• Washington Early Learning achieves 9 of NIEER’s 10 quality standards benchmarks. The nonpartisan Washington State Institute for Public Policy has found that the state’s Early Childhood Education and Assistance Program (ECEAP) leads to strong gains in later achievement, but less than 1 in 10 of the state’s 4-year-olds and only 2 in 100 3-year-olds receive the program.
With access to quality pre-K so limited in the state, Seattle is one of several large cities across the nation that has stepped up to expand early learning opportunities on its own, with a new program to offer quality preschool to all children. In the state legislature, a proposal to increase per-child funding and add 1,350 new slots for Full School Day and Extended Day services was approved for 2014-2015. Governor Inslee has proposed plans to expand preschool access to low-income families with children and develop state funded full-day kindergarten.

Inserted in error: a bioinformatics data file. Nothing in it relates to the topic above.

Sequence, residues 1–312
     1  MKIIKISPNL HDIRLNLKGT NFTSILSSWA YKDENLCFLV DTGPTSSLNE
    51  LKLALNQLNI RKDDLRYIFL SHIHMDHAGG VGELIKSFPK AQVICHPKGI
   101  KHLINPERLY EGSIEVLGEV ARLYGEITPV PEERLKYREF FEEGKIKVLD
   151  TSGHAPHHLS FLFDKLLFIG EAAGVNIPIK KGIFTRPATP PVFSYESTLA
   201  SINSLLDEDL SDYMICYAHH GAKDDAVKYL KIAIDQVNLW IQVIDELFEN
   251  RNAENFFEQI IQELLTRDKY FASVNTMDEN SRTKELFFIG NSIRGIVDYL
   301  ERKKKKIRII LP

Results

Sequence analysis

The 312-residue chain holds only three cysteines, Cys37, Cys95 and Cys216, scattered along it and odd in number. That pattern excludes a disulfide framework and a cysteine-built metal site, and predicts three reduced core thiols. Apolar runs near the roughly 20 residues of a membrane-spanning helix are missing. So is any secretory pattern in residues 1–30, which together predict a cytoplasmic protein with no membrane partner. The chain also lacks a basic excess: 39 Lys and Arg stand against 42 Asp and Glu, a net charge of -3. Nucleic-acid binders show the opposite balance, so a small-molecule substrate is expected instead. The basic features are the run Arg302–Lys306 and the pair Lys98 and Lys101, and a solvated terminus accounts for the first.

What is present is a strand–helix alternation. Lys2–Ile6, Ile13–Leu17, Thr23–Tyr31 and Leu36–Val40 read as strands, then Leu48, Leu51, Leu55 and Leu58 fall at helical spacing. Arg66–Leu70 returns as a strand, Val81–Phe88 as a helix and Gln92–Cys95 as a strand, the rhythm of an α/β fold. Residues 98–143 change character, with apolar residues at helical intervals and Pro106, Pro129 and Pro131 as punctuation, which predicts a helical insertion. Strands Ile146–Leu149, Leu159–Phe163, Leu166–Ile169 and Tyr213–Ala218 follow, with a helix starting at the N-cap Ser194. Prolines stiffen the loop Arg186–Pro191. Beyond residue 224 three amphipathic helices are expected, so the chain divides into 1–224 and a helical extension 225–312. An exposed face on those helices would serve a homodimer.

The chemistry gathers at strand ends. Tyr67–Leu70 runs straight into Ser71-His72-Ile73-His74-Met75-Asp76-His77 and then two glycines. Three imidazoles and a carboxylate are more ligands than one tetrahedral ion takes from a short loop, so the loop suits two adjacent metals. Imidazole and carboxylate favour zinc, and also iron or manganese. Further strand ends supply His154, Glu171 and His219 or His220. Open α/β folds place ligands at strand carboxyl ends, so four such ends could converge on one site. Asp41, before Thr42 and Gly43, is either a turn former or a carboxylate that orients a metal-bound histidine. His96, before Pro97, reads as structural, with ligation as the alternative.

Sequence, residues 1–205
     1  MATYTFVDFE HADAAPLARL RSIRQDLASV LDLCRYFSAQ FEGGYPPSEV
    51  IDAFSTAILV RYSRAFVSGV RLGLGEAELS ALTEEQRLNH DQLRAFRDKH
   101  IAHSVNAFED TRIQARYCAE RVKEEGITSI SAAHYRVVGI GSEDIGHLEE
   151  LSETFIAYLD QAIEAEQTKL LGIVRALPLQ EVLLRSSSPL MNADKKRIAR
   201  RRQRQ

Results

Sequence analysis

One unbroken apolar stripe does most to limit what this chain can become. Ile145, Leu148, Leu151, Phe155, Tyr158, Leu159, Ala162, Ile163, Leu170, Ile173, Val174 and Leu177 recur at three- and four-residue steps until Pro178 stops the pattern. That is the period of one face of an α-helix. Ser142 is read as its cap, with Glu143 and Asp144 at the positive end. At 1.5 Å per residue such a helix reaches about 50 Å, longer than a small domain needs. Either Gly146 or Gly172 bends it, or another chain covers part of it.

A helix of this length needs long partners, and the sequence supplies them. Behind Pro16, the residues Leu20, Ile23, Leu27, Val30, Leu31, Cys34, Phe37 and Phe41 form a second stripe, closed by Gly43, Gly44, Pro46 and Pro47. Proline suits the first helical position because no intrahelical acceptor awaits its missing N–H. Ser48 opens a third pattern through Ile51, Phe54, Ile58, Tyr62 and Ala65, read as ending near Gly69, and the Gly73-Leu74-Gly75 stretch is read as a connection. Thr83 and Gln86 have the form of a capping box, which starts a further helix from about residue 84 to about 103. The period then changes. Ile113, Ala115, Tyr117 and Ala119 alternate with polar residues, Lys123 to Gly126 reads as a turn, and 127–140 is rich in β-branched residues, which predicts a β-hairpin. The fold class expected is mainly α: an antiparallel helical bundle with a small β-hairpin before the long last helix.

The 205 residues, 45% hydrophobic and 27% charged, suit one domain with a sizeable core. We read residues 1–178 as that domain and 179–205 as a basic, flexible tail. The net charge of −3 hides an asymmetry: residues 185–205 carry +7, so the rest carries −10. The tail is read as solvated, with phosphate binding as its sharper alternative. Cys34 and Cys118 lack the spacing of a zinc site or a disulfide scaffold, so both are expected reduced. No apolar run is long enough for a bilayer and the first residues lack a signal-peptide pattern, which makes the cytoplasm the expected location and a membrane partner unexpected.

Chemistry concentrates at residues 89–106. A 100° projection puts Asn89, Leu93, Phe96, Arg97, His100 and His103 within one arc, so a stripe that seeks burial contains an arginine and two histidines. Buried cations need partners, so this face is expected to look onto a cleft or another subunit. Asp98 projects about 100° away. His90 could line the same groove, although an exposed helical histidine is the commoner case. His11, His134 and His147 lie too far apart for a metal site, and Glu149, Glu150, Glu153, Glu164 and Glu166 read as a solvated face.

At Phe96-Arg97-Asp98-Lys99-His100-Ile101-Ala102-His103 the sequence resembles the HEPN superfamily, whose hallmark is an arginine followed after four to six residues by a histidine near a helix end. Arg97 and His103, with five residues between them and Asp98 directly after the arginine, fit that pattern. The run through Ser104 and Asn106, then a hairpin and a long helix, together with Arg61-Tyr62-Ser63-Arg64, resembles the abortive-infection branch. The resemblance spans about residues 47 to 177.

“In the coming years, Washington State Department of Early Learning’s goal is to promote high-quality pre-K education for children under the age of five,” said Washington State Department of Early Learning (DEL) Director, Dr. Bette Hyde. “Every pre-K child deserves the resources and tools he or she needs to build a strong foundation for learning and success."

Friday, May 8, 2015

Michael Snow & Katie Pomeroy: Engaging Pre-K Kids with Quality Interaction

In honor of National Teacher Appreciation Week, DEL would like to highlight some of the state’s outstanding teachers from varying programs and areas.